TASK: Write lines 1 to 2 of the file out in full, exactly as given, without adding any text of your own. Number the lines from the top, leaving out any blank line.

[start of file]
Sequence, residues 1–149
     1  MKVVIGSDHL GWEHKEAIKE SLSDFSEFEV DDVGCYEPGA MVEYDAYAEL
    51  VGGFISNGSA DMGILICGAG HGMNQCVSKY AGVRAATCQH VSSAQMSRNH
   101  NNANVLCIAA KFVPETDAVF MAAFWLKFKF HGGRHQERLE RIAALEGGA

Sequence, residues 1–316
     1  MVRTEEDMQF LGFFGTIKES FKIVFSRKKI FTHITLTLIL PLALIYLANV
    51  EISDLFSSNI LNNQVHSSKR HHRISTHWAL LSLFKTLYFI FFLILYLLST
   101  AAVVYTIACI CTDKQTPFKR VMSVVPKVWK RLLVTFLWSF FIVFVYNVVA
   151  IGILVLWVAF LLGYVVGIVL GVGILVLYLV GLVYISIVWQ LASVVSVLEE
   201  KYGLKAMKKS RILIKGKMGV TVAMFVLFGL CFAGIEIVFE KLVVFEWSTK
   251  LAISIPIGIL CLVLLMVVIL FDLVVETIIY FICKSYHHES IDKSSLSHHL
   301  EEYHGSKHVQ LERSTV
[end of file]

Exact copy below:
Sequence, residues 1–149
     1  MKVVIGSDHL GWEHKEAIKE SLSDFSEFEV DDVGCYEPGA MVEYDAYAEL